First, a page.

For an additional $5 a month, Robinhood investors can sign up for Robinhood Gold to receive Morningstar and Nasdaq Level 2 Market Datastock research reports. If you’re looking for in-depth research, you’ll likely want to shell out for the upgrade.
How does the Robinhood IPO Access feature work?
IPO Access is a feature that allows traders to buy shares of companies at their IPO price before they go live on public exchanges. Here’s a look at the process:
- Discover upcoming IPOs. From the Robinhood app, explore your IPO investment options by scrolling through the list of companies preparing to go public.
- Research the listing. Tap into a company’s preliminary prospectus to learn about its business model, performance history and any potential risk factors.
- Follow companies. If a certain IPO catches your eye, follow the company to stay up-to-date on the progress of its upcoming listing.
- Request shares. When you find a listing you’d like to invest in, request shares at the initial listing price.
- Review your order. While you wait for the listing to become available, feel free to edit, change or cancel your order — you’re not locked into your request.
- Order fulfillment. Once the listing is live, your order will be submitted. It’s possible you’ll receive fewer shares than you requested, and in some circumstances, you may not receive any shares at all.
What is Robinhood Cash Management?
The Robinhood Cash Management account offers brokerage account holders the opportunity to earn interest on cash sitting in their account. As of March 2021, Robinhood offers 0.3% annual percentage yield (APY) and a free debit card with access to more than 75,000 nationwide free ATMs. There are no associated maintenance fees, foreign transaction fees or account minimums.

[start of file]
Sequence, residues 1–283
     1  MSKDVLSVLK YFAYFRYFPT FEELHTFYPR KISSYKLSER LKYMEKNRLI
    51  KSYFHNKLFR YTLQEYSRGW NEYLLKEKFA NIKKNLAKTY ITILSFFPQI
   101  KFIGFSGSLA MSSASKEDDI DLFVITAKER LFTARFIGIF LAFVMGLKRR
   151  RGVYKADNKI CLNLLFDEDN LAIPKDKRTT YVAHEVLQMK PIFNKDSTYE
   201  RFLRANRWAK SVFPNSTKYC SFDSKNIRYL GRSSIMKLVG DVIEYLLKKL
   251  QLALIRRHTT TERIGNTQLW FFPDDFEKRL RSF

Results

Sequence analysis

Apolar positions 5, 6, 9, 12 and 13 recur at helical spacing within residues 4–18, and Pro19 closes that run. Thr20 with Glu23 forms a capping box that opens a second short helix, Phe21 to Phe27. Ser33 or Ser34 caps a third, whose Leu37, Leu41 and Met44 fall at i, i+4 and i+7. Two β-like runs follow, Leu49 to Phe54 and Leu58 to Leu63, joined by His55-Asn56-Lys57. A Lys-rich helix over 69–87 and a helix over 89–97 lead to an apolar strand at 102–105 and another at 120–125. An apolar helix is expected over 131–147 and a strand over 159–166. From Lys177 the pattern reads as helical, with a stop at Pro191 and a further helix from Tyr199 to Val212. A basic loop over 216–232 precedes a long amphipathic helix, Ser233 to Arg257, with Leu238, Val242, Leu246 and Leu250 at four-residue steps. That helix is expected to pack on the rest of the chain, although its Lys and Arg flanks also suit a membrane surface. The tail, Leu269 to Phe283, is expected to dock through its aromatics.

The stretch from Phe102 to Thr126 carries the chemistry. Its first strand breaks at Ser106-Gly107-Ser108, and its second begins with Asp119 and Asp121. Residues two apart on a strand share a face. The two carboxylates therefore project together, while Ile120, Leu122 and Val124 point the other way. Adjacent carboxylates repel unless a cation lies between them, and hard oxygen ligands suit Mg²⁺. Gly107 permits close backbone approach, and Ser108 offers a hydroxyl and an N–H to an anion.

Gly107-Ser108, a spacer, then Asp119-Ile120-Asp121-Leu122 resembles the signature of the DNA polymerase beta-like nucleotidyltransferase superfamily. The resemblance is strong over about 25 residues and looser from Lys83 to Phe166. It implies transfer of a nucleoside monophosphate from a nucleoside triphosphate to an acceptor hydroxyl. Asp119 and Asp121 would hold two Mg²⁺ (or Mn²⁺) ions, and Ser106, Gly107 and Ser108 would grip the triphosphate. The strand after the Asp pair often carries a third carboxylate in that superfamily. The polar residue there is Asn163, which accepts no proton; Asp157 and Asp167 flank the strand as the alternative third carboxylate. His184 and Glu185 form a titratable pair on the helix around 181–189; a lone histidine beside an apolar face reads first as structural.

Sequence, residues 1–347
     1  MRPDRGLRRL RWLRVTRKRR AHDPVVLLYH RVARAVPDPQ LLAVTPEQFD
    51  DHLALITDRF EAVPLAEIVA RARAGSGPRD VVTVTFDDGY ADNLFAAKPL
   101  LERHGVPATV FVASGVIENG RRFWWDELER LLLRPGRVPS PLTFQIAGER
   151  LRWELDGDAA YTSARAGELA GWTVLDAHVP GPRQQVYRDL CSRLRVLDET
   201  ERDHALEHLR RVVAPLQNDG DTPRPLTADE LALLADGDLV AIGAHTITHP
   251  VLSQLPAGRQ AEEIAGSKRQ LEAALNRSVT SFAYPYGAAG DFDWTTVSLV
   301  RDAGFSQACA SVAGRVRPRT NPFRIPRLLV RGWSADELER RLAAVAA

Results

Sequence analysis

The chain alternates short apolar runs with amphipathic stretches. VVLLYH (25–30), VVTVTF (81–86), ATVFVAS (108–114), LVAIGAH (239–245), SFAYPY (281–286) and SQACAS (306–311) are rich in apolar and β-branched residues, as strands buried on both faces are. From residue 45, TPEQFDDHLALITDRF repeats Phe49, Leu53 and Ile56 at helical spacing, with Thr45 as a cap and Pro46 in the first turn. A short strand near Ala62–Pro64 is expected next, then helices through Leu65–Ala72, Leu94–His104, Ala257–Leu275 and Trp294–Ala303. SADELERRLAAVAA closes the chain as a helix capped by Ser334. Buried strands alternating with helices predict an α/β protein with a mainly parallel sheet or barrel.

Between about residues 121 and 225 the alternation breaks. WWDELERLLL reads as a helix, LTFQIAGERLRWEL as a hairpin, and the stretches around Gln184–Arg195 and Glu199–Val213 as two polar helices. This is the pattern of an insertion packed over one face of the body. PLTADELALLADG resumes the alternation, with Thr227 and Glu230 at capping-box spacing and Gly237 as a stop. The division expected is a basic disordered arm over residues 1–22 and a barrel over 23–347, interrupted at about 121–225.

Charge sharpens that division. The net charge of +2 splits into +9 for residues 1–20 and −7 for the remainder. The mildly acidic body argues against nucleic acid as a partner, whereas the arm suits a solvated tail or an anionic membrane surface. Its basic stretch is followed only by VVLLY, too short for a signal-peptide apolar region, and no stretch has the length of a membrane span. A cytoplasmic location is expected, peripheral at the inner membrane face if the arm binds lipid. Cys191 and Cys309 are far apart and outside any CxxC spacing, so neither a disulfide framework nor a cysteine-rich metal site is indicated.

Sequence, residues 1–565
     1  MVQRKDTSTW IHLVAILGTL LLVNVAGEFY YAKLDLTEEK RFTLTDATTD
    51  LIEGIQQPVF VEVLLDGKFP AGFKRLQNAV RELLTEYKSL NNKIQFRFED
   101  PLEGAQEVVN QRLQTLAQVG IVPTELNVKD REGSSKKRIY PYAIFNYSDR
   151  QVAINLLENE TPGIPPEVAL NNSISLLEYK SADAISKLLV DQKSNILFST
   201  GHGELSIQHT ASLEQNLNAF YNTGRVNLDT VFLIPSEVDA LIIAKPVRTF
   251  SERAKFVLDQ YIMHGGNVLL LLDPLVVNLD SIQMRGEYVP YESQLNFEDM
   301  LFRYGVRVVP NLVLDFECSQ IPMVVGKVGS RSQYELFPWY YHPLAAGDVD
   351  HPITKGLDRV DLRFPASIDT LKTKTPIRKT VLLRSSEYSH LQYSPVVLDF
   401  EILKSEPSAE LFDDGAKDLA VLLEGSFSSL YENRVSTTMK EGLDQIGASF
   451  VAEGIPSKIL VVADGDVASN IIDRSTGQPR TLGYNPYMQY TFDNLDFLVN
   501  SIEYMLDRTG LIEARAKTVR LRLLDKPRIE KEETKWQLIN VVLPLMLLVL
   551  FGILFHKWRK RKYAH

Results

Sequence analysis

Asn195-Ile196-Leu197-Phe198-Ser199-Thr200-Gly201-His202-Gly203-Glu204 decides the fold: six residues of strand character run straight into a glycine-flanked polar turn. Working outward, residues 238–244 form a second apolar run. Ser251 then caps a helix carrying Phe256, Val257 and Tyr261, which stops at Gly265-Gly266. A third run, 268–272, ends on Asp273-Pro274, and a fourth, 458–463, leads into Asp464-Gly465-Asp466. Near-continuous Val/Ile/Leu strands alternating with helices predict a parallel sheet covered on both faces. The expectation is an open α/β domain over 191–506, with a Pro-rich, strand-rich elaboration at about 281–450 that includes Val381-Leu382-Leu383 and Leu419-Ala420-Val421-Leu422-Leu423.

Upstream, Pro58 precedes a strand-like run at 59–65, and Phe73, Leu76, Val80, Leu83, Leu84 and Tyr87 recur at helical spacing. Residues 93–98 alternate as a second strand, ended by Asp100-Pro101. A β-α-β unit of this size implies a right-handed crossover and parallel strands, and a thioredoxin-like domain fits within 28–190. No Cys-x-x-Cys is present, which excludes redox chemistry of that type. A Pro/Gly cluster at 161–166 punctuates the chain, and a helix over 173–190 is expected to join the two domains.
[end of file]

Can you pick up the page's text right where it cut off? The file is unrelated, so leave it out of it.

Robinhood was founded in 2015 with headquarters in Menlo Park, California. It has its own Better Business Bureau (BBB) page but is not a BBB-accredited business. It’s registered with the US Securities and Exchange Commission and a member of the Financial Industry Regulatory Authority (FINRA) and the Securities Investor Protection Corporation (SIPC).
Robinhood customers are protected up to $500,000, including up to $250,000 in cash balances. Cryptocurrencies are excluded from this protection, as they aren’t stocks.
Robinhood profits from payment for order flow
Robinhood may market itself as a commission-free platform, but it needs to earn money somehow, right? It is a business, after all.
Robinhood profits from payment for order flow (PFOF). This process allows brokerages to route customer orders to market makers for execution. These market makers then fill the order at a slightly better price than the investor was willing to pay and pockets the difference. As compensation, brokerages like Robinhood receive a payment from the market maker as thanks for the order: payment for order flow.
Robinhood isn’t the only brokerage that profits from payment for order flow — it’s a fairly common practice. But some brokerages, like Public, have turned from the PFOF model in favor of alternative — arguably more transparent — profit-earning practices, like optional tipping from investors.
Overall, Robinhood’s online reputation is fairly negative. It’s amassed nearly 1,300 official BBB complaints over the past three years and averages 1.22 out of 5 stars. Its Trustpilot rating isn’t much better — averaging 1 out of 5 stars.
|BBB customer rating||1.1/5 based on 232 customer reviews|
|Trustpilot score||1.1/5 out of 3,250 customer reviews|
|Google Play app||3.8/5 stars based on 427,092 reviews|
|Apple app store||4.1/5 stars based on 3,722,880 reviews|
|Customer reviews verified as of||September 2021|